Configuring the kernel's sources can be tricky if you have to do it from scratch, but to get around that you can also simply use the kernel configuration that was provided by default with VectorLinux kernel.
This will save you lots of time, and is much easier if you are not familiar with the ins-and-outs of Linux kernel.
Still as root and in the kernel source directory(/usr/src/linux-220.127.116.11/), copy the default VL kernel configuration file:
cp /boot/config-18.104.22.168 ./.config
Now run this command to get the configuration editor:
You will see some stuff going on in you terminal. Shortly after a window will appear that looks like this: http://vectorlinux.osuosl.org/easuter/xconfig_main_window.png
Locate the option called "Suspend2" and mark the checkbox. A submenu will unfold on the right side of the window with more options. Mark the "Swap Allocator" option and make sure that "Replace swsusp by default" is also checked, as demonstrated in this screenshot:http://vectorlinux.osuosl.org/easuter/xconfig_suspen2.png
Now scroll down the left side of the screen and click on "Cryptographic options". On the right side of the window, click on the "LZF compression algorithm" option box until you get a check-mark. Make sure you mark it with a check-mark and not a dot!
Here is another example screenshot:http://vectorlinux.osuosl.org/easuter/xconfig_LZF.png
If you know what you are doing, you can also add some extra customizations.
Otherwise, click on the Save
button and then exit.
You should be returned to the command prompt.
Next issue this command:
make bzImage && make modules
This can take quite a while depending on how fast your computer is (but it will take at least an hour).
When it is finished, then do the following (still in the kernel source directory):
Copy the new kernel boot image to /boot:
cp ./arch/i386/boot/bzImage /boot/vmlinuz-22.214.171.124_suspend2
Copy the configure file you used and the new system map to /boot:
cp ./.config /boot/config-126.96.36.199_suspend2
cp ./System.map /boot/System.map-188.8.131.52_suspend2
Install the modules that you built:
Now we must enter the /boot directory and do update a few symbolic links:
rm vmlinuz config System.map
ln -sf vmlinuz-184.108.40.206_suspend2 vmlinuz
ln -sf config-220.127.116.11_suspend2 config
ln -sf System.map-18.104.22.168_suspend2 System.map
Those new symbolic links will make the new kernel you built the default one.
Next, make some necessary changes to lilo (adding the swap drive to be used by Suspend2 and making a backup boot entry).
(with any editor you want, doesn't have to be mcedit):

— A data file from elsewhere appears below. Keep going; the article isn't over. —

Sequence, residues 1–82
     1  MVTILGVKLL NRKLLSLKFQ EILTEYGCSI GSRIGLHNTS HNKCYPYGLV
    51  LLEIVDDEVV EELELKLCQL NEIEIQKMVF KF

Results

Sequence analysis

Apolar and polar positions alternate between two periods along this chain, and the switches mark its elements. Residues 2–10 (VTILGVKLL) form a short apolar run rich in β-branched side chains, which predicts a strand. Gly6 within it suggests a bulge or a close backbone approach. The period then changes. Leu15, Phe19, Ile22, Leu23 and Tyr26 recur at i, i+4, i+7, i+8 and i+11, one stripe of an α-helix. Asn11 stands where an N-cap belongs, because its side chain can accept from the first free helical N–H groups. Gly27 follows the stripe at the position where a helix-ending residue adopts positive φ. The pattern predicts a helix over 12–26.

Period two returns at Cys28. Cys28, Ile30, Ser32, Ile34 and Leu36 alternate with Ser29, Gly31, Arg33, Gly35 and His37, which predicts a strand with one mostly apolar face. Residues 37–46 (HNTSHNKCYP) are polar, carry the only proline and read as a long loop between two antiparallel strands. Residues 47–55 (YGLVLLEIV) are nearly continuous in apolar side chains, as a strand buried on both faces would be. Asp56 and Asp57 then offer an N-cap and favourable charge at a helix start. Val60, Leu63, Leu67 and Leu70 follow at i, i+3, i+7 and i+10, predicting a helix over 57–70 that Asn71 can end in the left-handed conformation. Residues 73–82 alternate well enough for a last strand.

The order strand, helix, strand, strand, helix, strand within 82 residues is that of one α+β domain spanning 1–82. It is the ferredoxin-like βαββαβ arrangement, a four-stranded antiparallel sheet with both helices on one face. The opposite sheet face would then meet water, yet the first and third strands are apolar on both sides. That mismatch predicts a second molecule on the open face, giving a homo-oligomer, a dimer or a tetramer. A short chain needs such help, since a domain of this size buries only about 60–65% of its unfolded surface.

Add append = "resume2=swap:/dev/hdXY"
to each lilo entry, where XY are the drive labels for your swap partition.
My swap partition is located on /dev/hda1, so the line will look like this:append = "resume2=swap:/dev/hda1"
Here is my lilo.conf as an example:
# LILO configuration file
# generated by 'liloconfig'
# Start LILO global section
boot = /dev/hda2
default = linux
timeout = 1200
# Override dangerous defaults that rewrite the partition table:
bitmap = /boot/bitmap/boot.bmp
# Normal VGA console
#vga = normal
# VESA framebuffer console @ 1024x768x64k
# VESA framebuffer console @ 1024x768x32k
# VESA framebuffer console @ 1024x768x256
# VESA framebuffer console @ 800x600x64k
# VESA framebuffer console @ 800x600x32k
# VESA framebuffer console @ 800x600x256
# VESA framebuffer console @ 640x480x64k
# VESA framebuffer console @ 640x480x32k
# VESA framebuffer console @ 640x480x256
# End LILO global section
# Partition 1: Linux GUI mode
image = /boot/vmlinuz
root = /dev/hda2
label = linux
append = "resume2=swap:/dev/hda1"
# Partition 2: Linux TUI mode
image = /boot/vmlinuz
root = /dev/hda2
label = linux-tui
append = "2 resume2=swap:/dev/hda1"
# Partition 4: Linux
image = /boot/vmlinuz-22.214.171.124
root = /dev/hda2
label = 126.96.36.199
append = " "
As you can see, I added a backup entry called "188.8.131.52", so that I can still boot the vmlinuz-184.108.40.206 kernel image if things go sour.
Save the file, and run:
If everything runs ok and lilo doesn't abort, then reboot your computer.
When the lilo splash comes up, then select the "linux" option, if you have the same settings as my lilo.conf (or whatever other label is associated to the new kernel you built).
Your computer should boot as usual. Once you have loged in, then open a terminal and type:
You should see this:220.127.116.11 GNU/Linux
That means your new kernel has booted and it up-and-running!5 - Installing the hibernation/suspend scripts, configuration files and manual pages:
The next thing to do is to get the scripts that will provide the suspend/hibernate commands.
In your terminal, logon as root and then enter the /tmp directory:
Download the Suspend2 hibernation scripts tarball: